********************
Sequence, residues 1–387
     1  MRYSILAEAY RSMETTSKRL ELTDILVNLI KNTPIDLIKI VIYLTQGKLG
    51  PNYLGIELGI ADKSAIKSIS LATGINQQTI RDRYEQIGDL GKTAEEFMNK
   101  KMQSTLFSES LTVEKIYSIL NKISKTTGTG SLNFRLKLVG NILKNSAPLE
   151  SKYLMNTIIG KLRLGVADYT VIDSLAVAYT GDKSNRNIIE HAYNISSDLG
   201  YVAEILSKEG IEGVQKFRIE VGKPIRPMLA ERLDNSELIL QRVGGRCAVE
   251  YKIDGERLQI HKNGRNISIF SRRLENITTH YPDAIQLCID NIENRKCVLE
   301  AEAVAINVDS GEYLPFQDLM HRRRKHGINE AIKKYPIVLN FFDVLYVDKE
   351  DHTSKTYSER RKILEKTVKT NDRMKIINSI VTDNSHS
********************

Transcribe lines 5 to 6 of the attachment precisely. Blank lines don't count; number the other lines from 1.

   151  SKYLMNTIIG KLRLGVADYT VIDSLAVAYT GDKSNRNIIE HAYNISSDLG
   201  YVAEILSKEG IEGVQKFRIE VGKPIRPMLA ERLDNSELIL QRVGGRCAVE